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An ongoing crisis summary to keep you informed, active, and sane. Written from a center-left perspective, focused on removing the threat of Trumpian autocracy. By Francis Hwang.

Day 297.

Dems beat back Trumpism with coast-to-coast election victories

On Tuesday, Democrats won a number of state and local offices across the country in the first regular election of the Trump era. The dramatic results gave more credence to the argument that the Trumpist transformation of the Republican Party may ultimately be its undoing.

Democrats elected governors in New Jersey and Virginia: The New Jersey win was expected, but the Virginia race was considered close up until the end. On local levels the election broke a number of barriers when it came to officeholder diversity: Cities in Minnesota and Montana elected their first black mayors, Virginia elected its first Latina and Asian-American delegates, and openly transgender candidates won races in Virginia, Minnesota, California, and Pennsylvania.

Democrat Manka Dhingra won a state Senate seat in Washington state, handing the party control over the governor's office and both houses of the legislature. In Virginia, Democrats are close to winning the House of Delegates: Three recounts, currently ongoing, will determine if they take the prize. Democratic state power in Virginia is especially key as state Republicans have aggressively exploited gerrymandering over the past decade. The next state redistricting will take place in 2020.

Was this an isolated blip, or voters regaining their senses and turning away from an increasingly authoritarian Republican Party? A POLITICO exit poll buoys the hope that it's the latter: Majorities of votes in Virginia and New Jersey told POLITICO they disapproved of Trump's performance, and that Trump was a reason for their vote.

Time will tell whether Republicans are capable of turning this defeat around. For now, activists and voters around the country can congratulate themselves for a job well done.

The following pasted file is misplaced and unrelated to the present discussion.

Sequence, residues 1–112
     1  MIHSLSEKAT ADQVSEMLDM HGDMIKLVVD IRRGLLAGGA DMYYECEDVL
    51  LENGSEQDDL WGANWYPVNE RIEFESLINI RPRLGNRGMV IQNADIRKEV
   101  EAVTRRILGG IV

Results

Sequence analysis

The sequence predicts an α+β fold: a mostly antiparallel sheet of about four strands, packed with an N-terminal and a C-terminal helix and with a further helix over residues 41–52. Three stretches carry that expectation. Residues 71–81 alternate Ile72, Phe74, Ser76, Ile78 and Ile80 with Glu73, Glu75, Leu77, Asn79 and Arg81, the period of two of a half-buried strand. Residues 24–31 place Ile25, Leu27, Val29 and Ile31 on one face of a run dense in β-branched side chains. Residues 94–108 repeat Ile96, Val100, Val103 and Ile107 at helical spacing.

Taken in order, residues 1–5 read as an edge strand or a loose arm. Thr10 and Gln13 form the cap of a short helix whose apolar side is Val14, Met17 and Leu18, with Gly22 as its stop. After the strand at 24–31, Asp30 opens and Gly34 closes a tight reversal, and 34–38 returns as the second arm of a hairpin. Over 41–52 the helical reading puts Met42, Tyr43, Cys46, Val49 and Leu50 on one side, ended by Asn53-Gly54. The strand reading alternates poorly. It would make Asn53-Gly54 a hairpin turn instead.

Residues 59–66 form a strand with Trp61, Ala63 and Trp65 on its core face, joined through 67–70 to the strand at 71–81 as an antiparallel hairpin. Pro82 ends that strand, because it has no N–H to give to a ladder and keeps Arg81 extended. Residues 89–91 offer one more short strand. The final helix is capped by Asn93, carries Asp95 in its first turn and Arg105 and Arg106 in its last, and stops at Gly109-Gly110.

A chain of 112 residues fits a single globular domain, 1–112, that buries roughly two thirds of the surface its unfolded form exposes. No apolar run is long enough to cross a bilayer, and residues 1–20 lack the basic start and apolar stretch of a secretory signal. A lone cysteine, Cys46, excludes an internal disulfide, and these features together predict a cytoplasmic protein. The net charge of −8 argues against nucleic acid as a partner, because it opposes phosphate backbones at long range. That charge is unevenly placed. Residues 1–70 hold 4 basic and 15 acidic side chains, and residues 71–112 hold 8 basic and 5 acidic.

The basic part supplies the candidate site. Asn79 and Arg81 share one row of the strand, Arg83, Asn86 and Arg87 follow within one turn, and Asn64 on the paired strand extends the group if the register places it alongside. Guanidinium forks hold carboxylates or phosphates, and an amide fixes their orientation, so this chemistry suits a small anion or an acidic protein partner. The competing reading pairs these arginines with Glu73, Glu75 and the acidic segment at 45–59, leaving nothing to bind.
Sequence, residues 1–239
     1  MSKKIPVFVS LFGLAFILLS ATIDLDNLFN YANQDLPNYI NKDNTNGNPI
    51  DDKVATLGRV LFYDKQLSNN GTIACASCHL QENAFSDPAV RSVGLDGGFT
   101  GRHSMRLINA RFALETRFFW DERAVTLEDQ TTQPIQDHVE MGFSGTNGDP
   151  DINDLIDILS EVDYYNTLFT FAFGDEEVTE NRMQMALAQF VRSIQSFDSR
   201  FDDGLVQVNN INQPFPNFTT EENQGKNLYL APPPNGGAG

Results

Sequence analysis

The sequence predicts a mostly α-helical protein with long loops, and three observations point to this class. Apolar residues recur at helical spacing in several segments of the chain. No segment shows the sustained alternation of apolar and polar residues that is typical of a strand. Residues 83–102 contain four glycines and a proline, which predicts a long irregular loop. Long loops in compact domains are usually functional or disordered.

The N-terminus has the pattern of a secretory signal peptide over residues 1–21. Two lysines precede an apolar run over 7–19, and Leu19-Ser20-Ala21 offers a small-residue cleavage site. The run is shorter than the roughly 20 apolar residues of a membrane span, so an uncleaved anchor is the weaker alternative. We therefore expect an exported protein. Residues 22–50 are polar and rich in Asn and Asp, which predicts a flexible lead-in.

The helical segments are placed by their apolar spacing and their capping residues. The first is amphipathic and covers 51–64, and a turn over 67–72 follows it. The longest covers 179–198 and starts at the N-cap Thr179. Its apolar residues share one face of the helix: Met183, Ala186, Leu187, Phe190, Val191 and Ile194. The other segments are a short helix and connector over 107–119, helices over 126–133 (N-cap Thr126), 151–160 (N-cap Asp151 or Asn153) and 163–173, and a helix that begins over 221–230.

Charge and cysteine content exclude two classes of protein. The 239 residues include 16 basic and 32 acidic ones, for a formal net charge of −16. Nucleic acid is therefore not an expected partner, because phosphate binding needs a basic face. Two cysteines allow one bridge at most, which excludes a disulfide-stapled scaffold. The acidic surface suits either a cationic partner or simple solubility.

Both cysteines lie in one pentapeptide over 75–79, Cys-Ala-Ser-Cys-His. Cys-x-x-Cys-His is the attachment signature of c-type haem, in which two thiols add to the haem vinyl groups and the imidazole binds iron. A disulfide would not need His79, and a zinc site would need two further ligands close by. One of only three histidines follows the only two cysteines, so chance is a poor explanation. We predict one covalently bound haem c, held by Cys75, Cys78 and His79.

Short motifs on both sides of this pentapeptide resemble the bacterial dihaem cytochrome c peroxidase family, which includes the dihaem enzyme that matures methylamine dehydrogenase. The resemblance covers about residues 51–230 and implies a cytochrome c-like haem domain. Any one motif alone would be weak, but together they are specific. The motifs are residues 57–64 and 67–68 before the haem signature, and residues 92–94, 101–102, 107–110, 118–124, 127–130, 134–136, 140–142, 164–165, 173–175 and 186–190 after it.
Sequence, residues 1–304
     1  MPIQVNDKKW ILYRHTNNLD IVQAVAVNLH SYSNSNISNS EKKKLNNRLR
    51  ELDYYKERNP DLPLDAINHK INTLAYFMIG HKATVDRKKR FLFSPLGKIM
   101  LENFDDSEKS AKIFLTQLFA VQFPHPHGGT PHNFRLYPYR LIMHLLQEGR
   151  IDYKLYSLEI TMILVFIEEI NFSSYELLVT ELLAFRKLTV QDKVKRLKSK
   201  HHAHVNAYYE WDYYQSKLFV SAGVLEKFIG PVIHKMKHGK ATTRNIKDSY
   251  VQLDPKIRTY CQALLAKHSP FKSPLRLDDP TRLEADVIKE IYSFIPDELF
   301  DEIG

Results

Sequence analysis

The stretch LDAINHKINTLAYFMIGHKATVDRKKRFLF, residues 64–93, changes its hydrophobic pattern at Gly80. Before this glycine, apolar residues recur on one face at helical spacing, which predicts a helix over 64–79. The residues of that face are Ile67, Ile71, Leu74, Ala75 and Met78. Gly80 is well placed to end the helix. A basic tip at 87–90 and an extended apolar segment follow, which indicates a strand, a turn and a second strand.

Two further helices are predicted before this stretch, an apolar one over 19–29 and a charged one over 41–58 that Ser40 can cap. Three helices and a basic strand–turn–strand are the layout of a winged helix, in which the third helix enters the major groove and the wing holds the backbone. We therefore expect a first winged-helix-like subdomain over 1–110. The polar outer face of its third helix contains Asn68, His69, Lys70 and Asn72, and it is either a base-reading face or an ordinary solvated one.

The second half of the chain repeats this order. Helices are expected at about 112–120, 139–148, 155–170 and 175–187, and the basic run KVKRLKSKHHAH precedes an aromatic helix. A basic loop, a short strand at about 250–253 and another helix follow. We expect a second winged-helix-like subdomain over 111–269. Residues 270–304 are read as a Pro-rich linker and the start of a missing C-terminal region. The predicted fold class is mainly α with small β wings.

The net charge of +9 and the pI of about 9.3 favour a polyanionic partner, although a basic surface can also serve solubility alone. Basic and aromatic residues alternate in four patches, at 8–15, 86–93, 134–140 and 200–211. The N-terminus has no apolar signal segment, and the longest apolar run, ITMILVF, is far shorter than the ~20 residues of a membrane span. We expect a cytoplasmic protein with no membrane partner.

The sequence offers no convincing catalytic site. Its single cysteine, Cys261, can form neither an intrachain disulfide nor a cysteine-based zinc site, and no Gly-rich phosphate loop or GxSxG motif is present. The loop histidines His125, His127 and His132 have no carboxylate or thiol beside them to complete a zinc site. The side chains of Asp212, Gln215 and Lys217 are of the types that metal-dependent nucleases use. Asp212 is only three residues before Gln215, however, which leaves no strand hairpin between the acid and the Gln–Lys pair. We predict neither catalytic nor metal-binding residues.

Accused of child molestation, Roy Moore charges ahead

Alabama will hold a special election for Senator next month, and on Thursday, the Washington Post accused Roy Moore, the Republican candidate for the seat, of molesting a 14-year-old girl in 1979 when he was a 32-year-old assistant district attorney.

According to the Post, Moore offered to watch the 14-year-old while her mother went inside for a custody hearing, got the girl's phone number, and later took the girl back to his home to initiate sexual encounters. Three other women also told the Post that he romantically pursued them when they were in their late teens and he was in his early thirties. Ultimately the Post spoke to more than 30 people for its story.

Moore denied the charges, but he did himself no favors during a radio interview with Sean Hannity, in which he could not say that he had never dated teenage girls while in his thirties.

The revelations threw a monkey wrench into Republican plans for what had been considered an easy victory in deep-red territory. Some Republicans withdrew their endorsements and called for Moore to step out of the race. But Republicans leaders, including Senate Majority Leader Mitch McConnell, would not give Moore a shove based solely on the reporting in the Post.

Even if the national party were to take a bolder stand, it might have few levers to pull. For one thing, absentee ballots with Moore's name on them have already been sent to voters. And Moore was never McConnell's favorite anyway. He ran in defiance of the Majority Leader, defeating fellow Republican Luther Strange in the primary with an extremist Christianist agenda. In the fight to define the Republican Party, the state of Alabama has become the next battleground.


Three more House Republicans announced they would not run for reelection next year. Twenty-nine Republicans have now said they will not seek reelection, compared to eleven on the Democratic side.

Months of ceaseless news coverage about Obamacare may have been good marketing: Compared to last year, enrollment for individual plans is up 179% in the first few days of open enrollment.

A dozen cities, including New York, Chicago, Oakland, and Atlanta, will provide detained immigrants with legal counsel to help them make full use of their rights in their cases.

Sen. Bob Corker, one of Trump's most outspoken Republican critics in Congress, announced that the Senate Foreign Relations Committee will hold a hearing examining the President's authority to use nuclear weapons.


Tens of thousands of Poles marched at a white nationalist rally in Warsaw, carrying banners that read "White Europe" and "Clean Blood".

Republicans are stocking the federal judiciary with partisan judges at a rapid clip, appointing eight appellate judges so far this year.

Some DACA recipients will soon be vulnerable to deportation, partially as a result of Trump's impulsive political moves. A mysterious problem with the mail seems to be causing delays in processing forms in time: Thousands of immigrants could be affected.

Millions of Puerto Ricans are without power again after the failure of a single repaired transmission line.